That's cool, Chris. But I think you don't realize that Nokia/Ovi technology was actually licensed from C3 Technologies (http://www.reuters.com/article/2011/04/19/idUS246491+19-Apr-2011+BW20110419).

So... they look the same... because they ARE the same... but the point is that apparently now Apple owns the technology. :D
Rating: 2 Votes
Posted: 40 months ago


more video on an ipad
Rating: 1 Votes
Posted: 40 months ago

So, is it acquired by Apple and Saab together?


Hardly. SAAB is licensing the technology from C3.
Rating: 1 Votes
Posted: 40 months ago

Does anybody else realize that they are physically going to have to fly over the entire earth every time they want to update buildings, roads, etc and then generate the data? The way the video describes, it seems dreadfully slow...
The surface area of the USA alone about 10 Million km^2. Which translates to 100,000 flying hours. Which translates to 500,000 hours to interpret and graph the data. Assuming 12 hours a day for flights it would take nearly 23 years of flight time to create just the US. And data interpretation 24/7 for the US would take 57 years.
I'm wondering how frequently Apple would update the maps.... And if Apple didn't update the maps it would become outdated pretty quickly.


But you aren't likely to see updates of places that don't need them, so maybe urban centers get updated but 99% of the world is exactly the same year to year. The Rocky Mountains and the Great Plains and Alaska don't tend to change, and they make up the bulk of the surface area of our country. If they make the map high enough quality the first time i see no reason to update the majority of it ever again, unless of course systems become available to make it more accurate or of a greater resolution.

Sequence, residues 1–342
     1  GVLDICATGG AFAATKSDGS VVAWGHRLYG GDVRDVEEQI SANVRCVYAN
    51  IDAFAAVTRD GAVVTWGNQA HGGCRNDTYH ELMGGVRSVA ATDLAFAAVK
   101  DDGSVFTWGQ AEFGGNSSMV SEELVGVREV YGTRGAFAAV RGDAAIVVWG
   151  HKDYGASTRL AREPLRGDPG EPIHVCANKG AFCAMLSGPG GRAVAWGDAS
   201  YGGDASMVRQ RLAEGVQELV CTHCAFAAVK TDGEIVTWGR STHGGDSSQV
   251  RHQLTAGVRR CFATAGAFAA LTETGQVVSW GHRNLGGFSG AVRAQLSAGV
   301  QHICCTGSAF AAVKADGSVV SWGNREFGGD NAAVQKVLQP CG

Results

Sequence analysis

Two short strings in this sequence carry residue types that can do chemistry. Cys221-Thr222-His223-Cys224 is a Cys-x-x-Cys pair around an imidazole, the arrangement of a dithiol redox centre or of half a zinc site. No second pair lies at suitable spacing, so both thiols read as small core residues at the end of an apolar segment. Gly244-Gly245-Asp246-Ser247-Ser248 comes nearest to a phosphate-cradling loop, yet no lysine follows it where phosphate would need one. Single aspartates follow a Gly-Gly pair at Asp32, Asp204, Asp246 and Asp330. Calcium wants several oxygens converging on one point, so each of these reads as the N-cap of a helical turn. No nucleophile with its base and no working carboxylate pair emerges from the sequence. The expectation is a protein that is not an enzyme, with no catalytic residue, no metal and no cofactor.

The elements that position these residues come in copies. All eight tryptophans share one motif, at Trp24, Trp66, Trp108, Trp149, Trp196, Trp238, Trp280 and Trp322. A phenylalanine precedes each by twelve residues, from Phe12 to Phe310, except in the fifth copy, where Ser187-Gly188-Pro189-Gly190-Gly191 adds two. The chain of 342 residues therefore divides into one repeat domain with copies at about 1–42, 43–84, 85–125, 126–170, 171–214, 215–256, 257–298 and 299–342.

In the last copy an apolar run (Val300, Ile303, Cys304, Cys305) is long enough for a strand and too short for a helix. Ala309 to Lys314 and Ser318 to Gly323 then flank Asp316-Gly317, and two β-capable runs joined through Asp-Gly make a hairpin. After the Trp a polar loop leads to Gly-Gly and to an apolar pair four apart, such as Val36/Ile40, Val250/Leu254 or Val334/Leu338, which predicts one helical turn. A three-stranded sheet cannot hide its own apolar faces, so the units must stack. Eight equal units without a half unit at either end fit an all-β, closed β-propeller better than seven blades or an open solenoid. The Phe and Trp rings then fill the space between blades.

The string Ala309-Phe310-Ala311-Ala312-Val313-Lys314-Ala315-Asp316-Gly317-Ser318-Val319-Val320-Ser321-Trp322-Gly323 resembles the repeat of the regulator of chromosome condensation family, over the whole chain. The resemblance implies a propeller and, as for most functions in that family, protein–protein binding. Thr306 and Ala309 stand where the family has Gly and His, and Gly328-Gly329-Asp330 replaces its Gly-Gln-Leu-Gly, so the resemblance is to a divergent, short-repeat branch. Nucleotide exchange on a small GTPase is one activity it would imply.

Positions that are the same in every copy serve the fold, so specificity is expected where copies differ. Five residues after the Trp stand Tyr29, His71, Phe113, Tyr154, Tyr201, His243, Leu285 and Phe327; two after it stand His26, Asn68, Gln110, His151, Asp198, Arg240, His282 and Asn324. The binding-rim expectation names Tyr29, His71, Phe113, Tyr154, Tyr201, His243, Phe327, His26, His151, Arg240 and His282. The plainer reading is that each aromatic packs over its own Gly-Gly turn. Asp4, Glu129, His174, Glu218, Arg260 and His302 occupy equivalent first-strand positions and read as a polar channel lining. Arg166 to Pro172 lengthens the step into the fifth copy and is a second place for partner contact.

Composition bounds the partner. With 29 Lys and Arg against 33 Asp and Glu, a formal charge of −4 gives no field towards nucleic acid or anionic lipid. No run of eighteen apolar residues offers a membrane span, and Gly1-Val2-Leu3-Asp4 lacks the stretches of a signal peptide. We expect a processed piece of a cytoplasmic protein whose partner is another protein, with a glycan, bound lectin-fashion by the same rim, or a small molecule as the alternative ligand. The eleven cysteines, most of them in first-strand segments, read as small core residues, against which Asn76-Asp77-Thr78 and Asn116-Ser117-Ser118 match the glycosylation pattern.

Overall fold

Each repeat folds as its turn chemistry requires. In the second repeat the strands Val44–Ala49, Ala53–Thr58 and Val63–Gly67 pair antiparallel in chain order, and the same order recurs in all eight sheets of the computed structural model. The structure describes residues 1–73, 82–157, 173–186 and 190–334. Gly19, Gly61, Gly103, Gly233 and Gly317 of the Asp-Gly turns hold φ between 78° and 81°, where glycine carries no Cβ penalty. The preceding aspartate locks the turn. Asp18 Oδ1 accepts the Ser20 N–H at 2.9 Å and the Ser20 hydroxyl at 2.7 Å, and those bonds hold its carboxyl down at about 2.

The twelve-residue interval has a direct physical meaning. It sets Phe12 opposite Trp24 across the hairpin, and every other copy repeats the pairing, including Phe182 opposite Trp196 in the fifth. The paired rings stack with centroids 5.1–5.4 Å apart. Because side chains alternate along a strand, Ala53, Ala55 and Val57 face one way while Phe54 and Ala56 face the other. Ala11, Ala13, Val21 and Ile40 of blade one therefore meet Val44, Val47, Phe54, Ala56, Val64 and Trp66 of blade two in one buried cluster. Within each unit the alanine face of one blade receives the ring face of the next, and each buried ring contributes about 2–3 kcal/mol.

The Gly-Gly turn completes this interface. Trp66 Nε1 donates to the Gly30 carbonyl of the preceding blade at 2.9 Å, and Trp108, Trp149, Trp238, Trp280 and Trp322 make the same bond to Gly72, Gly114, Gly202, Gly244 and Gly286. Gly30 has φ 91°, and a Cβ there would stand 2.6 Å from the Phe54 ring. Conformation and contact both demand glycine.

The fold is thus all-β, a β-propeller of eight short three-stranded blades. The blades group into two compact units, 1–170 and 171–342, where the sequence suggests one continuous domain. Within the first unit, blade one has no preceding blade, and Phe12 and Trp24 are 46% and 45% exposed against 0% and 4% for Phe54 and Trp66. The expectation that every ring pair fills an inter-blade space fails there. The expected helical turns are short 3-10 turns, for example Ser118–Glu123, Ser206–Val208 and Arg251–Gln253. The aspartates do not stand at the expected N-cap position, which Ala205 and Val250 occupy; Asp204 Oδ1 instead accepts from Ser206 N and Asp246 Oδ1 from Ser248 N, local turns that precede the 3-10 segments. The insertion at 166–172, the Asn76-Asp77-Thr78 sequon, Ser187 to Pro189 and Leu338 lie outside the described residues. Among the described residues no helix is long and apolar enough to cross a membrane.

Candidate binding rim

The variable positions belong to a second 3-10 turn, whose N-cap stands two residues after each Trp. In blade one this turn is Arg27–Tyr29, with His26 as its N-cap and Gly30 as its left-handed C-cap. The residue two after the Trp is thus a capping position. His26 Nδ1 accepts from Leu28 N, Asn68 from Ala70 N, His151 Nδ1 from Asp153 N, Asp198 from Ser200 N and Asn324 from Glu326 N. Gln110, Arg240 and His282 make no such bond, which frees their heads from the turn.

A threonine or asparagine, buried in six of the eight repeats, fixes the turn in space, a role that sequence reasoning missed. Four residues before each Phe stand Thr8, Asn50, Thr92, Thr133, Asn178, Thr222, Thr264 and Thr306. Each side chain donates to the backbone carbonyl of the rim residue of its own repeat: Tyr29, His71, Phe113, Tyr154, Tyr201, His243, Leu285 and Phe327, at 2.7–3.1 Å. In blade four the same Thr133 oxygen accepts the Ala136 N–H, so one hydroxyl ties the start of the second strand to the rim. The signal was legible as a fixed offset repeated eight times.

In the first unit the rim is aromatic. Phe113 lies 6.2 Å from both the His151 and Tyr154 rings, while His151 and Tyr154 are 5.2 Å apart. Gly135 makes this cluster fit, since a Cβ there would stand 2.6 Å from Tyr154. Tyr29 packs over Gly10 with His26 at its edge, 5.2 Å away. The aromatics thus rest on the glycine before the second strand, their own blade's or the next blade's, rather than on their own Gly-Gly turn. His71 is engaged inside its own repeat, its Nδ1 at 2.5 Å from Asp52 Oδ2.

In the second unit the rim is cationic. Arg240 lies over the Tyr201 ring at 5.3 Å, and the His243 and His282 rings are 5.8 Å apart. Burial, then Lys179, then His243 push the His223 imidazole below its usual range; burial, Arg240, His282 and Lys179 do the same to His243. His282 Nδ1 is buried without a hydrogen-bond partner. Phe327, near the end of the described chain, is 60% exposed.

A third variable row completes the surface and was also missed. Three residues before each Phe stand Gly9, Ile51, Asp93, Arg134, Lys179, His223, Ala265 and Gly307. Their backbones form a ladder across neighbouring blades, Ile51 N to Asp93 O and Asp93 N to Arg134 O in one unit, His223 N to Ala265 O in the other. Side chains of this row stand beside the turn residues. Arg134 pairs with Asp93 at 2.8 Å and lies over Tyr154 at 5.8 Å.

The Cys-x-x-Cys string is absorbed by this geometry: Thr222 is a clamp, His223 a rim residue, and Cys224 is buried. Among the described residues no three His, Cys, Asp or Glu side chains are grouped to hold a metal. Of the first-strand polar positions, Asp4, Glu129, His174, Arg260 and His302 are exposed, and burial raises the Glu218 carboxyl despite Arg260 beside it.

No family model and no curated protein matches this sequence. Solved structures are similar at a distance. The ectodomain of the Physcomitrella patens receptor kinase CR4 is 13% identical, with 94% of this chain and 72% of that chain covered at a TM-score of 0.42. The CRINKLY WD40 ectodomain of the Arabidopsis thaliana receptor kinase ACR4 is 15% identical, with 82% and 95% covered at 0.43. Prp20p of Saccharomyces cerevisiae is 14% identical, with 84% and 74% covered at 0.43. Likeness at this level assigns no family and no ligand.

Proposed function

Rating: 1 Votes
Posted: 40 months ago

Does anybody else realize that they are physically going to have to fly over the entire earth every time they want to update buildings, roads, etc and then generate the data? The way the video describes, it seems dreadfully slow...

the surface area of the USA alone about 10 Million km^2. Which translates to 100,000 flying hours. Which translates to 500,000 hours to interpret and graph the data. Assuming 12 hours a day (daylight hours, and this is generous due to storms etc) for flights it would take nearly 23 years of flight time (obviously they would use more than one aircraft) to create just the US. And data interpretation 24/7 for the US would take 57 years. Even if they set up 100 data interpreting stations across the US it would take over half a year to generate the data.